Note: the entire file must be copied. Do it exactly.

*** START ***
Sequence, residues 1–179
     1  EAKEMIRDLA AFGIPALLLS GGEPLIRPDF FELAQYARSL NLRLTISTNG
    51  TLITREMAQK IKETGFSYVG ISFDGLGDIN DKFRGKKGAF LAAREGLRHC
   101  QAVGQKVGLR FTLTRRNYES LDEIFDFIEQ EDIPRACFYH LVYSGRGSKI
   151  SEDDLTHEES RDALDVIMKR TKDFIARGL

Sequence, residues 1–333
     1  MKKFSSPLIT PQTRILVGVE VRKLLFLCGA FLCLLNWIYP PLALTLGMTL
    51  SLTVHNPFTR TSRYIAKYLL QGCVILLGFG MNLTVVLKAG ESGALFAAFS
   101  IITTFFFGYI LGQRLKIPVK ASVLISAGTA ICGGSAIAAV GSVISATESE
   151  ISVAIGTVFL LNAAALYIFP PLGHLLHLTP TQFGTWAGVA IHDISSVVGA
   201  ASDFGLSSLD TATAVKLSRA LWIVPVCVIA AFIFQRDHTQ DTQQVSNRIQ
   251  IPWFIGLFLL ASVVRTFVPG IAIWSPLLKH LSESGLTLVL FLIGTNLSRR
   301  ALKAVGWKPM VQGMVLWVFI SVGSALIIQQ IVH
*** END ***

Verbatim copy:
Sequence, residues 1–179
     1  EAKEMIRDLA AFGIPALLLS GGEPLIRPDF FELAQYARSL NLRLTISTNG
    51  TLITREMAQK IKETGFSYVG ISFDGLGDIN DKFRGKKGAF LAAREGLRHC
   101  QAVGQKVGLR FTLTRRNYES LDEIFDFIEQ EDIPRACFYH LVYSGRGSKI
   151  SEDDLTHEES RDALDVIMKR TKDFIARGL

Sequence, residues 1–333
     1  MKKFSSPLIT PQTRILVGVE VRKLLFLCGA FLCLLNWIYP PLALTLGMTL
    51  SLTVHNPFTR TSRYIAKYLL QGCVILLGFG MNLTVVLKAG ESGALFAAFS
   101  IITTFFFGYI LGQRLKIPVK ASVLISAGTA ICGGSAIAAV GSVISATESE
   151  ISVAIGTVFL LNAAALYIFP PLGHLLHLTP TQFGTWAGVA IHDISSVVGA
   201  ASDFGLSSLD TATAVKLSRA LWIVPVCVIA AFIFQRDHTQ DTQQVSNRIQ
   251  IPWFIGLFLL ASVVRTFVPG IAIWSPLLKH LSESGLTLVL FLIGTNLSRR
   301  ALKAVGWKPM VQGMVLWVFI SVGSALIIQQ IVH